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Ribbon Text in Illustrator

Posted on 5th February 2020
For this tutorial, we will use the Free Font “Learning Curve” by Jess Latham as reference.

1 - In Illustrator, create a “New Document”. If the “Rulers” are not enabled, go to View > Rulers > Show Rulers (Command/Control + R) to turn them ON.





2 - Select the “Type Tool” (T), choose your font (we used “Learning Curve”) and type your text. The Size will depend on your font and document.





3 - Center it using the “Horizontal and Vertical Align Center” options on your Top Menu and make sure that “Align to Artboard” is selected. Or use the same options in the “Align Panel”. Lock this Layer by clicking to the left of its thumbnail and bringing out the small Padlock icon and “Create New Layer” by clicking on the button at the bottom of the “Layers Panel”.







4 - Use the “pen Tool” (P) to “Trace” the text. Use a different color for the “Stroke” to make it more visible against the refence text.





5 - Start from the left edge of the “Document” and create a small curve that connects to the first letter. If you need to “Close” the “Path” hit “Enter”.





6 - Keep tracing the text and try to fit as much of it in a single “Path” making “Loops” and “Curves” and/or clicking again on top of a curved “End Point” to make it “Straight”.





7 - Use the “Direct Selection Tool” (A) to click on the “End Points” that need some fixing.





8 - Select all your “Paths” (Shift) and move the text “Up” and “Left” while holding the “Option/Alt” key to create a “Duplicate”. The idea is to create the “Thickness” of the “Ribbon”.





9 - Once you are happy with the placement, select the “Edges” of the first curved line with the “Direct Selection Tool” (A) (+ “Shift” key) and “Join” them together (Command/Control + J). Repeat with the other side.







10 - Check the text and notice the spots where the “Ribbon” should overlap and where the “Curves” should be. We will use the “Scissors Tool” (C) to cut some spots in the overlapping paths and then “Join” some of them together to achieve the 3D effect. You can also use the “Connect Selected Endpoints” button on the Top Menu to join selected paths together.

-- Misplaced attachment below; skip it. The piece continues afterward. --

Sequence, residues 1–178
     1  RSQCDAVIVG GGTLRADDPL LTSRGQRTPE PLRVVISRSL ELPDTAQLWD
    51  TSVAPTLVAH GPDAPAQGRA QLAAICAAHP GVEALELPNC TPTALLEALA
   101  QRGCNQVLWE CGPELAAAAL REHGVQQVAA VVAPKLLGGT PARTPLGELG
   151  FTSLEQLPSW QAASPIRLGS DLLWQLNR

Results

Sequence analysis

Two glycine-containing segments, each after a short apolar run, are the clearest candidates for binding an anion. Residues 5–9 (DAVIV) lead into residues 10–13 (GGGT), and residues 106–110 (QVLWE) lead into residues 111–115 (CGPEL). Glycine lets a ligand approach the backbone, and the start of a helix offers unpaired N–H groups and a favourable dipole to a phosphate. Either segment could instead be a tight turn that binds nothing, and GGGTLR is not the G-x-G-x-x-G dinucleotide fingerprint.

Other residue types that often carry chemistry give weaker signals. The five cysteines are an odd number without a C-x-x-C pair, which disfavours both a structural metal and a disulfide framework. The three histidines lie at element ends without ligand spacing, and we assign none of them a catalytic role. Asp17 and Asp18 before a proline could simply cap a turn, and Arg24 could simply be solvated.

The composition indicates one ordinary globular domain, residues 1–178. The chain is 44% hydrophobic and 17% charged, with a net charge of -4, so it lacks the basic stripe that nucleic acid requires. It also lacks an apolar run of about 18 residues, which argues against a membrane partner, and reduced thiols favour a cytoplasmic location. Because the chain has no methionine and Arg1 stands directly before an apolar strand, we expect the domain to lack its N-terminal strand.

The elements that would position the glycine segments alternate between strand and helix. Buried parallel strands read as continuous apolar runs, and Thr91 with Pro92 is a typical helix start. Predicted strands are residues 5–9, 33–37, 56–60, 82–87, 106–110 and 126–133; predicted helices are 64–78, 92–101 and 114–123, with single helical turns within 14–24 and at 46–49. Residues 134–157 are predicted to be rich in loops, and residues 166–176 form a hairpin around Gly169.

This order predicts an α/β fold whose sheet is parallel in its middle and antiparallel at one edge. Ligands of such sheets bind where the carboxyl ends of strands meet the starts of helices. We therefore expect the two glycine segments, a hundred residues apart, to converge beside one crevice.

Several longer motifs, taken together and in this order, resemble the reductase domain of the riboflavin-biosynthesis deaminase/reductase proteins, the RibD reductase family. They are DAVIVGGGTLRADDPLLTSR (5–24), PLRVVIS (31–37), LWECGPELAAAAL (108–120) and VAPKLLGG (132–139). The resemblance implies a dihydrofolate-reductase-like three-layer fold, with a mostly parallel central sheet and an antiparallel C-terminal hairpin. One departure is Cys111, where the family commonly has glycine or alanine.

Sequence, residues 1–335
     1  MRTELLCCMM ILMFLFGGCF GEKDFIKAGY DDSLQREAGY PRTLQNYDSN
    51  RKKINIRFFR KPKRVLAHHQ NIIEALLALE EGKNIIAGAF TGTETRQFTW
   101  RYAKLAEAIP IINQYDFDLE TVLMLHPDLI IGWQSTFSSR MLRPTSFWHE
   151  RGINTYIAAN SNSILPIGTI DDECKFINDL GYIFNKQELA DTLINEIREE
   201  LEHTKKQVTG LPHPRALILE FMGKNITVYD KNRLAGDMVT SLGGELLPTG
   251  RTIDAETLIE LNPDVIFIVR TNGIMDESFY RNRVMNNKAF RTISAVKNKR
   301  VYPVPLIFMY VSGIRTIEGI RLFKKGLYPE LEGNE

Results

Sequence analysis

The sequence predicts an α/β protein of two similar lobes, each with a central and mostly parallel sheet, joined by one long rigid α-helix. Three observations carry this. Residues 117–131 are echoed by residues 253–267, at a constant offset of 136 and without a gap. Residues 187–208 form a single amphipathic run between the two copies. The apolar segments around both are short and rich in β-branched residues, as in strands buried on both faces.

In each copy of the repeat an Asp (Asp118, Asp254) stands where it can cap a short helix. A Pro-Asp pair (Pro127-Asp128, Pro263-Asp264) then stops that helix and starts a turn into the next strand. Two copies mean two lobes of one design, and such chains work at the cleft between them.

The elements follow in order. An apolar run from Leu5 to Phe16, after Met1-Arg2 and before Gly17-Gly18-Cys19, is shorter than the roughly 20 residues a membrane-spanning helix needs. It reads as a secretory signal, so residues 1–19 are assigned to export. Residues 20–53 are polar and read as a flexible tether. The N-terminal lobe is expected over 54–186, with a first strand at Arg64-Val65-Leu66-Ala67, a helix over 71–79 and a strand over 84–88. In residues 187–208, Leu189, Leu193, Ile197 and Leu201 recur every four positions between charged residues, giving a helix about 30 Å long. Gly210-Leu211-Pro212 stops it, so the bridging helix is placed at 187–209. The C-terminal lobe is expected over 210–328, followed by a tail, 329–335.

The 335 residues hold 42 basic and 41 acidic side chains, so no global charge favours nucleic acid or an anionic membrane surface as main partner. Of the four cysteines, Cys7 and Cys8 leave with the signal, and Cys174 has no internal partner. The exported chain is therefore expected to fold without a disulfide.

11 - Close the edges of the letters. Check out each one and see where the “Ribbon” should be facing “Up” or “Down” and cut some of the edges to create individual “Pieces” of ribbon that will be colored differently.





12 Where the curved parts of the letters are (where the two paths overlap) use the “Scissors Tool” (C) to make cuts on each side of the overlap. Use the “Selection Tool” (V) and “Shift” key to select the paths on each side of the letter and then use the “Direct Selection Tool” (A) to select just the “End Points” (one from each of the overlapping paths) and then “Join” them together. Repeat with the other “End Points” in order to divide the letter sections.











13 - Keep dividing the “Ribbon” text in sections by cutting and joining the paths together. At first it seems a bit complicated but once you get the hold of it it’s pretty intuitive.





14 Once you are done with the sectioning of the “Ribbon”, select all the paths (Shift), head to the “Stroke Panel” and make the Stroke Cap and Corners “Rounded”.



15 - Hide or Delete the original “Text” layer by clicking on the small eye on the left side of its Thumbnail. Then, select your “Ribbon” text and “Swap Fill and Stroke” colors (Shift + X).





16 - Select the “Sections” that are “Inside” the folds and make them darker.





17 - In some cases you may need to select some portions of the text and place them on top of others to get the right folded look. Right-click on top and choose Arrange > Bring to Front”. Or “Send to Back” depending on what you need to do.





18 - To create some “Stitches” inside the “Ribbon” select one of the lighter “Sections” and go to Select > Same Fill Color, then “Paste in Front” (Command/Control + F).





19 - Whit the selection still active, head to Object > Path > Offset Path and use an “Offset” of -0.3 mm, “Round Joins” and a “Miter Limit” of 4. Change the “Fill” color to a lighter shade for better visualization.







20 - “Swap Fill and Stroke” colors (Shift + X), head to the “Stroke Panel”, change the “Weight” to 0.5 pt and make the Stroke Cap and Corners “Rounded”. Check the “Dashed Line” box and use a 1 pt “Dash” and “Cap” values. You can change the “Stroke” color to a darker shade.







21 - Select everything and “Group” it together (Command/Control + G). Head to the “Appearance Panel”, click on the “Effects” Menu at the bottom and navigate to Stylize > Drop Shadow, use “Multiply”, 50% for “Opacity”, X and Y-Offset: 1 mm, Blur: 2 mm and Black (#000000) as “Color”, click “OK







22 - Check out your work!


by @lornacane

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